Liberty County School System staff is trying to set a great example for students when it comes to living a healthy life by competing in L.I.V.E. Well, Liberty County’s employee health-and-wellness program, to lose weight and adopt healthier habits.
One educator in particular has enjoyed tremendous success with the program and plans to continue the lifestyle changes she made as part of the initiative.
Snelson-Golden Middle School science teacher Deborah Dubinsky, a 2013 challenge participant, lost 130 pounds in about a year by eating more fruits and vegetables, increasing her water intake, walking and cutting out sweets.
“This program has been a lifesaver,” Dubinsky said. “I’m sure that I, like my mother, would have died a young death from morbid obesity.”
Lewis Frasier Middle School implemented the wellness challenge in spring 2012, and 48 of the 67 staffers competed. The following fall, all 13 county schools took part in the program, Lewis Frasier Middle School nurse Peggy Rayman said. Middle and high schools competed against each other, while elementary schools competed against other elementaries.
“The young people we are educating now will be the first generation that will not live longer than their parents,” Rayman said. “We need to set an outstanding example for our students in the area of wellness.”
In 2013, the challenge again expanded to fire departments, the police, city hall and county offices.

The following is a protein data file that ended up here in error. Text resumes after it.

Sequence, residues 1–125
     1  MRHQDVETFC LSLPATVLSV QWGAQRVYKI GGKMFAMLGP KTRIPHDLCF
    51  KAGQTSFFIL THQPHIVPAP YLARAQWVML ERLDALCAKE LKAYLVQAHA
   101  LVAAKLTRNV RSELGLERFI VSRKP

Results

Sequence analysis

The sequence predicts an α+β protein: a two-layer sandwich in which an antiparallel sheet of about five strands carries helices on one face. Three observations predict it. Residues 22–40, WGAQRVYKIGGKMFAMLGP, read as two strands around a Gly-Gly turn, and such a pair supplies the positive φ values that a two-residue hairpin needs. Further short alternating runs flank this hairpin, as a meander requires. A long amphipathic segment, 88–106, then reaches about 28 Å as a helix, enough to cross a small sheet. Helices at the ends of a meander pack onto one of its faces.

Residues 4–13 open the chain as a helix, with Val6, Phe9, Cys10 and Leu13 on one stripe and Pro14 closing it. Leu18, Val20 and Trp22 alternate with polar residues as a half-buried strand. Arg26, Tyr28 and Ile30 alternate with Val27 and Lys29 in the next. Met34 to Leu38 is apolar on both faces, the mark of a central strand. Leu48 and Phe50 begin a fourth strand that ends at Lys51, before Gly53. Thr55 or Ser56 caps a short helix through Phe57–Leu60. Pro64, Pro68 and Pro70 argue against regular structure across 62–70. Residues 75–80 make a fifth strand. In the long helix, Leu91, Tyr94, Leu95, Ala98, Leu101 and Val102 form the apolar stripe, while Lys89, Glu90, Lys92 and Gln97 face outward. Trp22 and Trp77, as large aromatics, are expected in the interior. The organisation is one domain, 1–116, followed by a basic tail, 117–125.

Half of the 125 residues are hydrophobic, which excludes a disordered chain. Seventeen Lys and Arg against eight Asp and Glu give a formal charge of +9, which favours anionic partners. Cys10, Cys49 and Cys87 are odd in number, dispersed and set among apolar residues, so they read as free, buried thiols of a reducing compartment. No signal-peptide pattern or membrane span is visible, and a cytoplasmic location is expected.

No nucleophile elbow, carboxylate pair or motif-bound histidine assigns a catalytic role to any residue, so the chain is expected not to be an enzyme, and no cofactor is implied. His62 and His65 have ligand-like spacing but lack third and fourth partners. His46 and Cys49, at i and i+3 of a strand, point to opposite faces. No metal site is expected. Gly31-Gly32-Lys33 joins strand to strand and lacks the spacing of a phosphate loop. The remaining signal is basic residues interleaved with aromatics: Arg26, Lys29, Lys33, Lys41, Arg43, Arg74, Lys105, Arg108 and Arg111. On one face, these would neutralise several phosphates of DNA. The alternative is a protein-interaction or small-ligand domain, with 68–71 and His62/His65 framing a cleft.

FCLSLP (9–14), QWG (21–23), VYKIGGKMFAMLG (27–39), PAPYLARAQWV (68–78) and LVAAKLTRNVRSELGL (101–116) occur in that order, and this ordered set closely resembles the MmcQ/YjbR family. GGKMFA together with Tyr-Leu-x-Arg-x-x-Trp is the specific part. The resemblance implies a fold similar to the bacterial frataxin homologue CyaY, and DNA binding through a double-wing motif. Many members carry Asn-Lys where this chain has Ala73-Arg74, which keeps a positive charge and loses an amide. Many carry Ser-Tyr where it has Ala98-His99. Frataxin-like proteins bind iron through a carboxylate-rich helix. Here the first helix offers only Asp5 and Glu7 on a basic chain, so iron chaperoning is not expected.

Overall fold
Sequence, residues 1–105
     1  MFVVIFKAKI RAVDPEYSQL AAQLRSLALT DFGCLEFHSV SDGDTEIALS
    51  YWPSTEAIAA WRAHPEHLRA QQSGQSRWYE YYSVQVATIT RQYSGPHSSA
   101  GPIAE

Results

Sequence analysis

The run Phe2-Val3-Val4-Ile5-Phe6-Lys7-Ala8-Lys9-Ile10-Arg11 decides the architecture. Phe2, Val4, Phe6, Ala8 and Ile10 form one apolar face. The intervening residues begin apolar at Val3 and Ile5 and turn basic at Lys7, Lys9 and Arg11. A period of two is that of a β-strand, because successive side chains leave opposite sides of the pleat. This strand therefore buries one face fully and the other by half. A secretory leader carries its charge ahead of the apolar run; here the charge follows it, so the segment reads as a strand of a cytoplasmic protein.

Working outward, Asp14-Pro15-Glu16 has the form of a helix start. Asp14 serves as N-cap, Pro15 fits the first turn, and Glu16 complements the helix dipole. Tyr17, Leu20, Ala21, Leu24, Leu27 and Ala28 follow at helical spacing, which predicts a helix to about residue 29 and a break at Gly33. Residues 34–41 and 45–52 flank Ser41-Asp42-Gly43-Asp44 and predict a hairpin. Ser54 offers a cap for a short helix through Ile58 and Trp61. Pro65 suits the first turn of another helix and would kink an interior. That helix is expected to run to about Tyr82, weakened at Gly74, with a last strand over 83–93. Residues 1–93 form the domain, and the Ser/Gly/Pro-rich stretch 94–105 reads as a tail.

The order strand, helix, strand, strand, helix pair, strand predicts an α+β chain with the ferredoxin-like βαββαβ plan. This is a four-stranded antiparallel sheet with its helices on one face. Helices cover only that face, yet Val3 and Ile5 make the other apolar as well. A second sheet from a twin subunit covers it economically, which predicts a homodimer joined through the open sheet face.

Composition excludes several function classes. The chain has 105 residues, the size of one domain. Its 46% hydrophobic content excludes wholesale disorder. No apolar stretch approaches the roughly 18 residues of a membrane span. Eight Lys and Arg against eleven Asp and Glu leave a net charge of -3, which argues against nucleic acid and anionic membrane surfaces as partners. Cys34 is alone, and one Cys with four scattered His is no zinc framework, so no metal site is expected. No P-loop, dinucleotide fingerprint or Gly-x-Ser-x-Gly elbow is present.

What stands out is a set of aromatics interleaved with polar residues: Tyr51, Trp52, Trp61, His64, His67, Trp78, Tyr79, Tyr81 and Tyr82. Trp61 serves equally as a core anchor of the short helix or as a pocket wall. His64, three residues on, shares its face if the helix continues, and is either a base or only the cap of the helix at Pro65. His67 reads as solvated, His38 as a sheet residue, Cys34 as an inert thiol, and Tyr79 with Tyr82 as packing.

That fall, as part of their healthy challenge, employees from the school system, city and county offices, and Liberty Regional Medical Center participated in the Walk Georgia program sponsored by the University of Georgia, Rayman said. This program differed from the original eight-week initiative. Liberty County participants logged their minutes of physical activity or walking for 12 weeks. The miles they traveled were translated to distance navigated on a map of Georgia. State facts and ways to improve health were provided when participants logged their distances.
“This is a fun initiative,” Rayman said. “As you track your progress, you learn about Georgia as you go.”
This spring, Rayman said, they went back to the L.I.V.E. Well challenge that Liberty County Human-Resource Director Laura Troutman designed in 2012 for county employees. This year’s initiative, which started Feb. 3, challenges participants to lose weight in eight weeks without diet pills or other weight-loss medication. Three weigh-ins will track the staff members’ progress, and they will earn points by eating healthy, exercising and drinking water.
Dubinsky said she tried many diet plans before, but nothing worked. She said her eating habits were poor, and she lived a sedentary lifestyle.
“The healthy challenge is not a diet, it is a way of life,” she said. “This program is just plain, old healthy eating and exercise — no gimmicks, no pills, no fad diets.”
Now, one year later, Dubinsky has dropped 20 dress sizes and jogs 4 to 5 miles a day. She has come a long way since last February, when she started walking her school’s hallways after school for exercise with Melanie Carrier, a career development teacher at Snelson-Golden. Having a buddy motivated Dubinsky to stick with the program.
“We were accountable to each other, and we motivated each other daily,” she said. For both women, the hardest challenge in the program was exercising.
“I had a pretty sedentary lifestyle, and the thought of exercising every day was more than I could take,” Carrier said. “But with Deborah Dubinsky’s encouragement, and the success of the pounds coming off, I became excited with the way I felt.”
Carrier has lost 63 pounds since she began participating in the challenge last February. The compliments she gets for her noticeable weight loss have kept her committed long after the eight-week challenge ended. Both women plan to continue the healthy challenge for the rest of their lives.
“I never miss a workout,” Carrier said. “If I can do it, anyone can.”